was to attack the Union right flank, north of the Chickahominy River, before McDowell's corps, marching south from Fredericksburg (Fredericksburg, Virginia), could arrive. However, on May 27, the same day the Battle of Hanover Court House was fought northeast of Richmond, Johnston learned that McDowell's corps had been diverted to the Shenandoah Valley and would not be reinforcing the Army of the Potomac. He decided against attacking across his own natural defense line, the Chickahominy, and planned to capitalize on the Union army's straddle of the river by attacking the two corps south of the river, leaving them isolated from the other three corps north of the river. Salmon, pp. 20–21. On April 19, a detachment of the 8th Connecticut and the 89th New York landed on Hill's Point at the confluence of the forks of the Nansemond River. This amphibious force assaulted Fort Huger from the rear, quickly capturing its garrison, thus reopening the river to Union shipping. On April 24, Brig. Gen. (Brigadier general (United States)) Michael Corcoran's Union division mounted a reconnaissance-in-force from Fort Dix against Maj. Gen. (Major General (CSA)) George E. Pickett's extreme right flank. The Federals approached cautiously and were easily repulsed. On April 29, Gen. Robert E. Lee directed Longstreet to disengage from Suffolk (Suffolk, Virginia) and rejoin the Army of Northern Virginia at Fredericksburg (Fredericksburg, Virginia). By May 4, the last of Longstreet's command had crossed the Blackwater River en route to Richmond (Richmond, Virginia). Background When Maj. Gen. (Major general (United States)) Ambrose Burnside was relieved of command of the Union's Army of the Potomac (following the disastrous Battle of Fredericksburg in December 1862 and the fiasco of his Mud March (Mud March (American Civil War)) in January 1863), his replacement, Maj. Gen. Joseph Hooker, immediately began reorganizing and training his army, in winter quarters outside of Fredericksburg (Fredericksburg, Virginia). One of his most significant actions was to combine smaller cavalry units, spread out across the army, into a single Cavalry Corps, led by Maj. Gen. George Stoneman. Up until this time, the Union cavalry had been consistently outperformed by their Confederate counterparts, commanded by Maj. Gen. J.E.B. Stuart. Although they possessed superior equipment and had the advantage of a plentiful supply of men and federal horses, the Union cavalrymen had lacked the confidence, experience, and leadership to challenge Stuart. Salmon, pp. 165-67. The '''Second Battle of Fredericksburg''', also known as the '''Second Battle of Marye's Heights''', took place on May 3, 1863, in Fredericksburg, Virginia, as part of the Battle of Chancellorsville of the American Civil War. Anderson, a supporter of southern secession and states' rights, was commissioned a brigadier general (Brigadier General (CSA)) in the Confederate Army on September 3, 1861. Initially assigned to command the Confederate forces at Wilmington, North Carolina, in April 1862, he was reassigned to the area around Fredericksburg, Virginia, opposite Union (Union Army) Maj. Gen. (Major general (United States)) Irvin McDowell. thumb right 300px Movements in the Overland Campaign, May 27–29, 1864, following the Battle of North Anna (File:Overland Campaign May 27-29.png) As he did after the Wilderness and Spotsylvania, Grant now planned to leave the North Anna in another wide swing around Lee's flank, marching east of the Pamunkey River to screen his movements from the Confederates. He ordered (on May 22) that his supply depots at Belle Plain, Aquia Creek (Crow's Nest Natural Area Preserve), and Fredericksburg (Fredericksburg, Virginia) be moved to a new base at Port Royal, Virginia, on the Rappahannock River. (Six days later the supply base was moved again, from Port Royal to White House (White House (plantation)) on the Pamunkey.) If Grant had decided to move directly south, he would have been forced to cross three rivers, the Little River, the New Found, and the South Anna, minor obstacles that Lee would have to navigate instead. Eicher, pp. 671, 679, 683; Rhea, ''Cold Harbor'', p. 22; Welcher, pp. 981, 986; Furgurson, p. 43. During this period, Confederate General James Longstreet unsuccessfully besieged the town (Siege of Suffolk) with 20,000 men between April 11 and May 4, 1863. He was ordered to disengage by General Robert E. Lee to join the Army of Northern Virginia at Fredericksburg (Fredericksburg, Virginia). Two months later on July 3, the Union forces abandoned the town for strategic reasons, as decided by General John Adams Dix.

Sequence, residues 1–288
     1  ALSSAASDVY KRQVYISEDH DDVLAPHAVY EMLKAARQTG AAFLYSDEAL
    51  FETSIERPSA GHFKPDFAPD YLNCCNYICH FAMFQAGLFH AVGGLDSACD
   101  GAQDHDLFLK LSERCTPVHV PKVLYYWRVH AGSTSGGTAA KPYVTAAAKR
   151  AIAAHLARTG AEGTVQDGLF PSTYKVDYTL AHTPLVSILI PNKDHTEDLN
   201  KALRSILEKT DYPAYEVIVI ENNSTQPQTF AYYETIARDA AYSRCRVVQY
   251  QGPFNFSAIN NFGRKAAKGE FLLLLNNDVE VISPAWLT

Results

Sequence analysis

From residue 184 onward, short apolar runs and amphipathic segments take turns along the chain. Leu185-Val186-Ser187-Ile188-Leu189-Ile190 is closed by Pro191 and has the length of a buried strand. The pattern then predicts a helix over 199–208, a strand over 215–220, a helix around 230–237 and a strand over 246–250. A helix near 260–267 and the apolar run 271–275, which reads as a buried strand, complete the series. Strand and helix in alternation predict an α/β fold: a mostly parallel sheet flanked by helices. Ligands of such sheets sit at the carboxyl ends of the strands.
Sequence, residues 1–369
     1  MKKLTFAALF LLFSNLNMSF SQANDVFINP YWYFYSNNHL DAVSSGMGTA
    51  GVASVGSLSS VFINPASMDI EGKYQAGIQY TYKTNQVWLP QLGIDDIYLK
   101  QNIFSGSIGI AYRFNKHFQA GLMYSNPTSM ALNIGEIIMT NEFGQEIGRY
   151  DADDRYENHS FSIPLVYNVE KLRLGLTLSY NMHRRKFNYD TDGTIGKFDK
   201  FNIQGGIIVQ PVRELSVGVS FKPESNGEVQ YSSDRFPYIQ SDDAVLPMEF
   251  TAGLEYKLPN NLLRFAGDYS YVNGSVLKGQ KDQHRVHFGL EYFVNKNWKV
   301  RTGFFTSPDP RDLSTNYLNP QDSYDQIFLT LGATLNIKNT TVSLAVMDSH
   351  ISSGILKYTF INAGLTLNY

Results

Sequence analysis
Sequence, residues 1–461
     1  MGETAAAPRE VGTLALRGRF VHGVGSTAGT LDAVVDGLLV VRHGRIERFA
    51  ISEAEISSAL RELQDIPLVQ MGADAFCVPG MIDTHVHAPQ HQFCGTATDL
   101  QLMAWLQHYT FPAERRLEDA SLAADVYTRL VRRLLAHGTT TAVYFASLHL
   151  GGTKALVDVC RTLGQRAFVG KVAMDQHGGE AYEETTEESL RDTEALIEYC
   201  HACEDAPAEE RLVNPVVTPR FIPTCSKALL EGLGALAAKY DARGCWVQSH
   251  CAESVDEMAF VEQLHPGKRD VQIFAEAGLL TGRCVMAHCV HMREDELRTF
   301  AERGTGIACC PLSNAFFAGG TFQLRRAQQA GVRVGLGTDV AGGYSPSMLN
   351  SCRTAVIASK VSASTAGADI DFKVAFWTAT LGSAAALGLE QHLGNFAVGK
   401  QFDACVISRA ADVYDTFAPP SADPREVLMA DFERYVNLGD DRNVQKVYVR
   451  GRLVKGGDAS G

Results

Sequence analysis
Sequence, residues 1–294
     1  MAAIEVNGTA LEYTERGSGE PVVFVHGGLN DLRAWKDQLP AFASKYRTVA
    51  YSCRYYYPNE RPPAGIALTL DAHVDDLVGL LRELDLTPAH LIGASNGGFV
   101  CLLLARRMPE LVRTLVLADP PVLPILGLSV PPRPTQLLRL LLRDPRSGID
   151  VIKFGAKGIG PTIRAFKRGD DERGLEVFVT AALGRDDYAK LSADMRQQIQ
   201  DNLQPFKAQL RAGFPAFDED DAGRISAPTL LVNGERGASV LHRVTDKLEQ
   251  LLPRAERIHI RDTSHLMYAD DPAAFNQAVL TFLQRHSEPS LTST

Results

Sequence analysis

painting portraits